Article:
After Cape Town, some bright spark with a computer worked out that the Biking Man was heading, almost directly, for the South Pole. The world went completely crazy at that point. The internet, the radio, the newspapers and the television channels were totally consumed with speculation about the Man, the purpose for his journey and what would happen when he reached there. There was an unequal split of opinion: two-thirds of the Earth believed that his arrival at the South Pole would be the beginning of a time of enlightenment, a time where the greedy and evil would repent and all would join together in the Brotherhood of Man. The remaining third were convinced that the Biking Man was the embodiment of evil and that his arrival at his Polar destination would herald the End of All Time, but it is worth noting that no-one actually tried to stop him.
No-one saw him vanish from South Africa. A suspicious series of coincidences and mishaps happened to every news team tracking him. This team took the night off and that team decided to recharge all of their camera batteries at the same time. No-one was fooled by the unlikely coincidences, but no-one could convincingly explain why they’d followed the courses of action that they did.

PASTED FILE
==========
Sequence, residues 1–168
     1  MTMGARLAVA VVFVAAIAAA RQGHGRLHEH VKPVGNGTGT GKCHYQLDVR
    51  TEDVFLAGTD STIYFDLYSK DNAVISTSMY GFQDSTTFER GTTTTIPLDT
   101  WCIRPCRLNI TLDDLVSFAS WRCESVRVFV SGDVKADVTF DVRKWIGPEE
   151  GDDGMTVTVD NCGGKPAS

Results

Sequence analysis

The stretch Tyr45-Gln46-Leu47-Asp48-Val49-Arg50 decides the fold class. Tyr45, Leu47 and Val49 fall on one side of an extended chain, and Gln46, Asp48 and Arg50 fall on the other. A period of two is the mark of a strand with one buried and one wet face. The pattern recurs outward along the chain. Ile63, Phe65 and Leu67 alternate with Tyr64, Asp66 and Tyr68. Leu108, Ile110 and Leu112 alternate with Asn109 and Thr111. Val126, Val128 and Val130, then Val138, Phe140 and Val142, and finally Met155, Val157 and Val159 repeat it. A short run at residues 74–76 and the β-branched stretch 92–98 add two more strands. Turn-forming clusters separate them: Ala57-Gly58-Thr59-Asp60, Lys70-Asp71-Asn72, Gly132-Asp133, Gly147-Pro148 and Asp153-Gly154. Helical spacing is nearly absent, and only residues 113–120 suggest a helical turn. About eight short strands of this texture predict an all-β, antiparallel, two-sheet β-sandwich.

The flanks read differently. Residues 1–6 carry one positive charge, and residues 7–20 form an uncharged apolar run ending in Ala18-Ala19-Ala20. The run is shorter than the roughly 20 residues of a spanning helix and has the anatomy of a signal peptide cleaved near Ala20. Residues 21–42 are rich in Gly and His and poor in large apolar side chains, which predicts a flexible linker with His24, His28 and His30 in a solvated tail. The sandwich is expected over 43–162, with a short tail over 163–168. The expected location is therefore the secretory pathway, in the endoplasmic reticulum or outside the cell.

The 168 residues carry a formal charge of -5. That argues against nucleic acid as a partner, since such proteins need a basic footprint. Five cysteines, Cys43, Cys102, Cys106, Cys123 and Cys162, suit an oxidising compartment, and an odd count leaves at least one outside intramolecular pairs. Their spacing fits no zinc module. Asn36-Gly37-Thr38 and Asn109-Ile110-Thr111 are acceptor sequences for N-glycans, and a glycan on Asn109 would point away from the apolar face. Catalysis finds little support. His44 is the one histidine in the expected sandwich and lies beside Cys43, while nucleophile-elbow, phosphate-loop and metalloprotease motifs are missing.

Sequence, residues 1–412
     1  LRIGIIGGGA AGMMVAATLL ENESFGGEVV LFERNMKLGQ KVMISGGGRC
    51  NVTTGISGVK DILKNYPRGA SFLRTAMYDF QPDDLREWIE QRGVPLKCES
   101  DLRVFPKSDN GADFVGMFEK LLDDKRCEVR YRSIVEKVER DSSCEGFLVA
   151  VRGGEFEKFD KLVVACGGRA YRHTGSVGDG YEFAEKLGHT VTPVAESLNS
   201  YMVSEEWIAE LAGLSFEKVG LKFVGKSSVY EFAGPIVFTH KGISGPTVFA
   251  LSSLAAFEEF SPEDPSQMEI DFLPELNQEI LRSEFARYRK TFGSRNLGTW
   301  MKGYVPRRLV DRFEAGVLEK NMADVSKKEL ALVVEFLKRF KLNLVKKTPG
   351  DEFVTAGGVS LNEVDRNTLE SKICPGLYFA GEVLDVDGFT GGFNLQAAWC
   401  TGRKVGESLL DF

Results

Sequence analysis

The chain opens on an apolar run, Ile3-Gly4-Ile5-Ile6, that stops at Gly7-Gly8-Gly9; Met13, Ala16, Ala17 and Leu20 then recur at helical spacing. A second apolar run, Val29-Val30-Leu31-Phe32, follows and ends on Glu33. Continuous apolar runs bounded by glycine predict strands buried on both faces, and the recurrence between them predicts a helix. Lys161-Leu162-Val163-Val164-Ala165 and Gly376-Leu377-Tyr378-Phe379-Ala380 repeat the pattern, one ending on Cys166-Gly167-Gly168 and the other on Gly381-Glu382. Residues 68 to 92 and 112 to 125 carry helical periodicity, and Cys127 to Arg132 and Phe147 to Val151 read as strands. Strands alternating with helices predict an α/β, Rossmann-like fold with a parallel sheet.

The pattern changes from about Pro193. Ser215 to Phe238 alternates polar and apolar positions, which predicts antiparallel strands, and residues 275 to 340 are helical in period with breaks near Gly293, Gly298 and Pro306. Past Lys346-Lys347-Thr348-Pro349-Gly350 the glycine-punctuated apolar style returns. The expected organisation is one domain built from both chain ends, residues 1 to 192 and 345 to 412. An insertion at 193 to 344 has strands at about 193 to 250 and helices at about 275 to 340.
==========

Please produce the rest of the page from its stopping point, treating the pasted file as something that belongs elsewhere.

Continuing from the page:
Eventually, NATO retasked one of its surveillance satellites under considerable media criticism, spotted him in Antarctica, pedalling slowly across the ice and through the snow. Round and round the pedals squeaked. His progress was inexorable, like the slowly ticking heart of the universe. I knew people who left the live feed active overnight to comfort them as they slept. I knew others, who would watch the live feed of the Biking Man serenely cycling through Antarctica blizzards and confess their sins, asking for forgiveness and advice on how to be a better person.
As he neared his destination, the millennial mood at the Scott-Amundsen base became overwhelming. At unbelievable cost, hundreds of observers had been flown in to watch the Biking Man reach the exact South Pole. Some believed that his arrival there would signal the ultimate redemption of Man; some believed that the very Earth would split underfoot and hordes of demonic beasts would surge force and scourge the planet of unbelievers. One December morning, hundreds of observers sat in hastily constructed shelters waiting for his arrival. They were not disappointed. The simple bike and the simply dressed man squeaked into view across the ice, inching nearer and nearer to the Pole.
The tension as he approached was absolutely unbearable. Every television station in the world was showing a live feed of the hazy silhouette pedalling nearer and nearer.
In the strange distortion of time that happens when any event is keenly anticipated, he reached the Pole sooner than anyone expected and stopped suddenly on the exact spot. The world held its collective breath.